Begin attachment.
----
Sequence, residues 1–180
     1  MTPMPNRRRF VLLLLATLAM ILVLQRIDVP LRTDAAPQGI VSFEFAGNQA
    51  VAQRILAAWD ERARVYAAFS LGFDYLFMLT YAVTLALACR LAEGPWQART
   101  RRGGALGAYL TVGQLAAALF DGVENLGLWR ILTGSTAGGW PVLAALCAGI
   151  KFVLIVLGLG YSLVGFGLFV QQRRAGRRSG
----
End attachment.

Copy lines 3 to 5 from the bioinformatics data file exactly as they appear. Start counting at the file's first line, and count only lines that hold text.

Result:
    51  VAQRILAAWD ERARVYAAFS LGFDYLFMLT YAVTLALACR LAEGPWQART
   101  RRGGALGAYL TVGQLAAALF DGVENLGLWR ILTGSTAGGW PVLAALCAGI
   151  KFVLIVLGLG YSLVGFGLFV QQRRAGRRSG